A total of twelve closed-end funds (CEFs) will go ex-dividend this week, providing investors who want to jump into this dynamic market an opportunity to get income fast. The funds offering income are of varying types with various yields, and the most crucial questions you must ask when choosing one of these funds is which fits your risk profile and which is tied to a sector/market that you believe has tailwinds boosting it higher.
The twelve funds offering dividends include:
4. One junk bond fund: Pacholder High Yield Fund (NYSEMKT:PHF)
5. One limited duration fund: Franklin Templeton Limited Duration Income Trust (NYSEMKT:FTF)
The lowest yield of these funds is with NBO (4.6%) and the highest yield is 10.2% with FEN. However, reaching for yield is not the best approach with CEFs, as double-digit declines over the last couple years in various CEFs of different asset classes demonstrates.
Premiums to NAV
A more prudent approach right now would be to look at fund premiums to NAV, trends driving these markets, and the risk/reward profile of each fund.
Source: Closed End Fund Advisors
Starting with the funds' NAV and current market price, we can see that most funds trade at a discount and those discounts vary wildly. The small premiums with NBH, NBO, and NBW demonstrate a reality about the municipal bond fund world: with municipal defaults in the U.S. low, the tax base recovering as unemployment falls and real estate properties rise, and the continued trend of government cost-cutting at the local levels all point to improve credit quality in munis and a relatively complacent market. Risks of losses to capital are low here, and the market has priced in that fact.
The Energy Story
When we get to MLPs and utilities, there is more turbulence. Last week, the Alerian MLP ETF (NYSEARCA:AMLP) finally went green for 2016 after an impressive 10.5% run-up. But this was largely due to a massive recovery in oil prices, partly bolstered by the work stoppage in Kuwait affecting supplies combined with rising China imports, higher U.S. employment, and flat storage data. This has caused MLP ETFs to soar, and caused FEN's discount to evaporate. At the same time, the utilities premium has remained strong at FEN, making it the most expensive ETF of the bunch.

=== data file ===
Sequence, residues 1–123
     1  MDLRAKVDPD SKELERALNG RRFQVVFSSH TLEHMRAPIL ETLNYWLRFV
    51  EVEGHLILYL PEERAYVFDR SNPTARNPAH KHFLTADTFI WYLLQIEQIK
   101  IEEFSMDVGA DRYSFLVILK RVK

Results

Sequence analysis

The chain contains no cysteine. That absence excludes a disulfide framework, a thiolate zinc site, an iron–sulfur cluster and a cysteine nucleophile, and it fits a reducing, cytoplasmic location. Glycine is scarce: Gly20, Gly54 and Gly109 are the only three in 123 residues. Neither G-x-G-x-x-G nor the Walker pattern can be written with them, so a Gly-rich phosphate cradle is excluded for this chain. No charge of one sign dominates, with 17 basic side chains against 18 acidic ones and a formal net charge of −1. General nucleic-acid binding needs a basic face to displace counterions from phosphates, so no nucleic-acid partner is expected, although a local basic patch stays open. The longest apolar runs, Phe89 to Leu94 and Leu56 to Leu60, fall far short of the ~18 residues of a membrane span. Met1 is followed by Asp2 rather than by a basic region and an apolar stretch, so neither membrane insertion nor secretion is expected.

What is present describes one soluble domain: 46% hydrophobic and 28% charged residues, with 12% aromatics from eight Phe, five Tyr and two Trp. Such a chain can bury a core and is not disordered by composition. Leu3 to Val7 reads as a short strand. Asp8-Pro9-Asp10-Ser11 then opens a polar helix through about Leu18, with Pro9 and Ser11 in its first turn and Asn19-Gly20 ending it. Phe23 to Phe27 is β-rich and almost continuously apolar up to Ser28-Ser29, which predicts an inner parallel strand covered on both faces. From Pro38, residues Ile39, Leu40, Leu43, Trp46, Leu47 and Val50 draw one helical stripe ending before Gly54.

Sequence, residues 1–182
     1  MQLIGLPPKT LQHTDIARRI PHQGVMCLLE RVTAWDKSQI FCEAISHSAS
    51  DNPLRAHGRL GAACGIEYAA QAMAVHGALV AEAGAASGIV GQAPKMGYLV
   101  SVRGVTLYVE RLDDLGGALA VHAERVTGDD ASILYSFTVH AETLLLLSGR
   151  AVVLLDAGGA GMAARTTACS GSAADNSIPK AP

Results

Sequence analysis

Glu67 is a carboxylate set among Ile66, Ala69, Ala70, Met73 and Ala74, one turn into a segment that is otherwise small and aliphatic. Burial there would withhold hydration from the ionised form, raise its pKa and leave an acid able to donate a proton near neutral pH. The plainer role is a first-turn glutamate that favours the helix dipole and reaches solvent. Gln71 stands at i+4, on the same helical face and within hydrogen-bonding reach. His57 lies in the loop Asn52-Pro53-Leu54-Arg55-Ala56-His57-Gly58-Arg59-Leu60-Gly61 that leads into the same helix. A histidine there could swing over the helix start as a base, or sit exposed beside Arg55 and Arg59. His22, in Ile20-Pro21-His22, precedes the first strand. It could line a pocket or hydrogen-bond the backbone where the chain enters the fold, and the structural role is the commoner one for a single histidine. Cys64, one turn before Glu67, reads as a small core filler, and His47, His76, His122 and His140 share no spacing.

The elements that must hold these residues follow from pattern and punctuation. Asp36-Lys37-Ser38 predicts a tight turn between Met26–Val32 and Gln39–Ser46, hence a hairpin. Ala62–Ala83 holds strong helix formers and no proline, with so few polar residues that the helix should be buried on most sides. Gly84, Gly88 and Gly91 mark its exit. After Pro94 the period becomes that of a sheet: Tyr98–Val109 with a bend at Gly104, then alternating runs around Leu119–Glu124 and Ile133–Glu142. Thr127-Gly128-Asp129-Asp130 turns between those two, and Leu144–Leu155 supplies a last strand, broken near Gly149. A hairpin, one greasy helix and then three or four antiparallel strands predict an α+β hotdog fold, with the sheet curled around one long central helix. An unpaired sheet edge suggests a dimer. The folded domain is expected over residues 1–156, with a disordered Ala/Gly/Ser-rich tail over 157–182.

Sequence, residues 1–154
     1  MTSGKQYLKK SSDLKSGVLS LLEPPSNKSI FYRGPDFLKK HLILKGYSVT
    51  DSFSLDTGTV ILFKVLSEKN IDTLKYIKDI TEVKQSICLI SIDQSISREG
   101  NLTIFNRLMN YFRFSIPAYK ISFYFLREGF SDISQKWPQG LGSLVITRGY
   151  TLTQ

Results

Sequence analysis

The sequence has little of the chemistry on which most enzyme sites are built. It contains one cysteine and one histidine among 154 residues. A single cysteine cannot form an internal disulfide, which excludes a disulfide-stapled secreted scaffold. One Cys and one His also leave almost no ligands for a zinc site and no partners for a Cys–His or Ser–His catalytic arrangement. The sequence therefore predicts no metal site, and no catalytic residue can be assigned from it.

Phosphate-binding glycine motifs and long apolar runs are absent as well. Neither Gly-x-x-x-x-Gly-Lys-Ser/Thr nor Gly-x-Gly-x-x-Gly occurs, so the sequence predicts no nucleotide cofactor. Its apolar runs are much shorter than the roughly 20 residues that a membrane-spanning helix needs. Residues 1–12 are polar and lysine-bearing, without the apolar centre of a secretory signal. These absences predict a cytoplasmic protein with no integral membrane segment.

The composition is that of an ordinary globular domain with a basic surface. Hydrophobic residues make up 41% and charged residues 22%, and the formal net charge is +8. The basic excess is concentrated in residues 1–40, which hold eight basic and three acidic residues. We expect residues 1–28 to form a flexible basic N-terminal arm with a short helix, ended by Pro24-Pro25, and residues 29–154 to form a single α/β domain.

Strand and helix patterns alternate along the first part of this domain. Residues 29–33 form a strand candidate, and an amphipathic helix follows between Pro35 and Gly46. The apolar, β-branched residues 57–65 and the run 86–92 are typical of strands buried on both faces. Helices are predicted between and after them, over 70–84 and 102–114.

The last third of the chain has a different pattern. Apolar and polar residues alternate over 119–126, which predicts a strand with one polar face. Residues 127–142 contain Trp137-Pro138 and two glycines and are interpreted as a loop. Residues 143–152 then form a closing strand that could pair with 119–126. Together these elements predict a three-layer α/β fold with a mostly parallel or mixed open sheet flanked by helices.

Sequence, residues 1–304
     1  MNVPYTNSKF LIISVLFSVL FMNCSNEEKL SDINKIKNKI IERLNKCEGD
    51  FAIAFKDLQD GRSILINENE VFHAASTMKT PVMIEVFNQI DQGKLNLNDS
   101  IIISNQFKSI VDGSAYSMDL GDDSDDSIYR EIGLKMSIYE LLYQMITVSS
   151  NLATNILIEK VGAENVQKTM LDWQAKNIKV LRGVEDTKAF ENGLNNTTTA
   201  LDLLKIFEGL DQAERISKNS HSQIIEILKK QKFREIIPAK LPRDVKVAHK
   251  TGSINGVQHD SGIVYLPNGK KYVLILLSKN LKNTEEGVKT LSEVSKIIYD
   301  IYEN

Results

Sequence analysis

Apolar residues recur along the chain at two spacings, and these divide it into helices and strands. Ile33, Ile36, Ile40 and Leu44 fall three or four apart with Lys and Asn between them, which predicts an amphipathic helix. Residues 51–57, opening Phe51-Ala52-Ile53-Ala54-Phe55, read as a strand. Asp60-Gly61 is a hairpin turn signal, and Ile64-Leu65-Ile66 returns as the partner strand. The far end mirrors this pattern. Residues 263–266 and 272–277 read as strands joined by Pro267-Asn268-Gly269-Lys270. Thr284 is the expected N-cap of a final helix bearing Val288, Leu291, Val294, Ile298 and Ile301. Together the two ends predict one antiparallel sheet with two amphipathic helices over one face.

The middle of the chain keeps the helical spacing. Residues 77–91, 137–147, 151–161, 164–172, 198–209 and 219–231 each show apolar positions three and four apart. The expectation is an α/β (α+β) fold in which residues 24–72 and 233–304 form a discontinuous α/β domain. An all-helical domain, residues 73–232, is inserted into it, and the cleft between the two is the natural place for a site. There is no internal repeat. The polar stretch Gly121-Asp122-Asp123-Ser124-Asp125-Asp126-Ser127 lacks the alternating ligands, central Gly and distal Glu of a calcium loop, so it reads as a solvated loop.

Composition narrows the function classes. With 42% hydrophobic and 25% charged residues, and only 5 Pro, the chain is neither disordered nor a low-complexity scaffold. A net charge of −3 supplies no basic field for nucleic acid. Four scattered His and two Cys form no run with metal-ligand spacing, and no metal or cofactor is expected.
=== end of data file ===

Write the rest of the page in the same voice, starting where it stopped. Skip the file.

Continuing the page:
Going forward, buying these or the commodity ETFs is extremely risky and needs to be seen as a bet on or, in the case of FEN, against rising oil. Yet the risk/reward of speculating in CEFs is a pittance compared to playing with the leveraged commodity ETFs (UWTI, DWTI). But such short-termism is hardly the playground of an income investor, leaving all of these funds off the table in the short term-as our later risk analysis will confirm.
Corporate Bonds and Equity
My favorite way to buy equity is through a preferred and common stock hybrid CEF, with AGIC Equity and Convertible Fund (NYSE:NIE) remaining a fond favorite. This week offers some compelling alternatives: though more equity focused, USA and ASG offer equity exposure with tremendous discounts. However, before choosing these funds one should note their historic trend has been a steady decline in NAV as they fail to earn their yields through income and thus use destructive returns of capital to fund shareholders.
That brings us to the remaining bond-focused funds. Of these, FTF is particularly interesting thanks to a recent buyback program that is designed to ensure its discount doesn't fall too low-and if it does, investors earn a return on that discount. In my mind this significantly lowers its risk profile relative to other bond and equity funds.
Meanwhile, PHF remains slightly higher risk thanks to its sharp run up in recent weeks alongside the junk bond market. Moody's rightly notes this rally " lacks solid fundamentals" and notes defaults are still set to rise-the recent high-profile bankruptcy of SunEdison (SUNE) should remind us of this. That said, the fund's diversified holdings show few alarm bells at first glance, although the fund's disappointingly evaporating dividend demonstrates poor stewardship and perhaps less strategic management to take advantage of yield curve fluctuations.
Taking all this into account, I have identified a risk/reward profile that takes into account the risks of each fund and the rewards of its dividend yield.
The relatively low risk of the muni funds makes them contenders, but NBH's better yield and diversification makes it my top muni choice of this week's funds. FTF's share buyback program makes it attractive too, while the high premium offsets the risk in USA as a short-term swing trade. The relative reliability also makes DNP a pick.
Creating a portfolio of these funds, we get a portfolio of utilities, equity, municipal bonds, corporate bonds, and even a bit of MBSs and senior floating-rate interests, thanks to FTF. We also get a portfolio yield of 7.3% and a 3.3% average discount-to-NAV. Not a bad deal for both diversification and a source of high current income.
Disclosure: I am/we are long NIE.
I wrote this article myself, and it expresses my own opinions. I am not receiving compensation for it (other than from Seeking Alpha). I have no business relationship with any company whose stock is mentioned in this article.
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